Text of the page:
It’s Charlotte and Gracie (of group phoenix) writing to you from outside the Buena Vida Language School in Pedasí. We just finished a delicious lunch that was well needed after a vigorous couple of hours of dancing.
We learned two traditional folkoric Panamanian dances, one called Viva Panama a type of cumbia. And the other one was la danesa poblana.
The women got to wear polleras, traditional skirts worn for dancing. Spanish classes are going very well. Yesterday we had an intense game of Scrabble in our group; shockingly the Spanish teacher of the bunch, Patricio, and his equally knowledgeable teammate Liam, reigned victorious.
One of our favorite activities so far has been working with Proyecto Ecológico Azuero. We helped build the foundation for a “maya,” a sheet that blocks the plants from the sun. We dug holes using various tools and stuck in wood from a “teca” tree.
During the digging process, we had to be careful not to hit any pipes because the electricity and water supply ran underground.
We did hit one water pipe and one of the people at the project had to come to our rescue. His name is Vicente Vasquez and he’s 17 like many of us. He helped us all day and was a welcome addition to our conversation. As it turns out, he’s a star! He competed on a Panamanian television show called Concurso Nacional de Oratoria and won! Some of our second celebrity sighting of the trip (the first being el Presidente). Here’s a link to the video that features Vicente, skip to 2:01:10 https://www.youtube.com/watch?v=22eDXiBQMig . After doing work out in the sun, we ate some banana cake and duros de coco and guyaba (frozen fruit juice sometimes made with milk.)
We continued our time with PEA by shelling seeds for beautiful trees that will be planted at a school. Overall, we LOVED our time with PEA. We were able to learn more about the agricultural and environmental conditions of the country. We are jumping for joy about returning on Tuesday!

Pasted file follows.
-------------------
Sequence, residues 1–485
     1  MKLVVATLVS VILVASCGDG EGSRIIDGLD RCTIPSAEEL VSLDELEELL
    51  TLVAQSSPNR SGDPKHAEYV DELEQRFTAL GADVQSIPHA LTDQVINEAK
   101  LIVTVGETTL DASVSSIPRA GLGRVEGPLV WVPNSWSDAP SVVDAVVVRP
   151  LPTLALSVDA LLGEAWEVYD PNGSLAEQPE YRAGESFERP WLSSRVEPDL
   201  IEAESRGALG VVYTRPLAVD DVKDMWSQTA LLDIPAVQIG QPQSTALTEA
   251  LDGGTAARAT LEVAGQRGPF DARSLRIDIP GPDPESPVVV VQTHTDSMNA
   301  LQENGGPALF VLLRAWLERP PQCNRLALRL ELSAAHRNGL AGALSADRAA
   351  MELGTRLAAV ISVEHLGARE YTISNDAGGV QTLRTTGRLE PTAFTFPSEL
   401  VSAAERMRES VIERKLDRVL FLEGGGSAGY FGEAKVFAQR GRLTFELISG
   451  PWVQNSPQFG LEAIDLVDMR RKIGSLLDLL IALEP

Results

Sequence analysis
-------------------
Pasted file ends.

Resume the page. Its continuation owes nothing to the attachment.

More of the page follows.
Both of us are having a wonderful time in our homestays. I (Charlotte) have a host mother named Nina and father named Dago. Dago works as a fisherman and gives tours of the Isla Iguana. He said that one day he may be able to take all of us as a group, so we can see the beautiful scenery of the island. One of the highlights of spending time with my host family has been getting to play with their three year old niece named Jaciel. Dago jokes a lot that she is the age of a three year old but the size of a two year old because she is so tiny. I spend a lot of time sitting on their patio in the hammocks and talking to everyone.
I (Gracie) have a host mother named Janet, a host father named Omar, and two host siblings, Yarisel (9 years old) and Wilson (11 years old). Yarisel and Wilson have other siblings as well but they don’t live with their parents anymore. (One of their older brothers lives with their grandmother next door.) They have a dog named Princess and the tiniest kitten I’ve ever seen named Leti. There are also a few horses near the house, and I’ve watched some friends of my host family change their shoes. There are constantly friends and family in and around the house and I’ve loved talking to them all. I’ve also ridden bikes around the neighborhood with my host sister every night and visited friends and neighbors.
Both families offer us treats and new fruits to try, like guayaba, which has been fun and delicious. It turns out that Charlotte’s host mom, Gracie’s host dad, and Sarah S’s host dad are all siblings. On Thursday night, when we first arrived, our host families all took us to meet up and see the pigs they are getting ready to sell. We both saw the biggest pig we’ve ever seen. The piglets are very cute but smell… funky.
Overall, we’re both having an amazing time in Pedasí. We’re super excited to go to Achotines but also sad at the idea of leaving our host families. Les extraño! Hasta Pronto!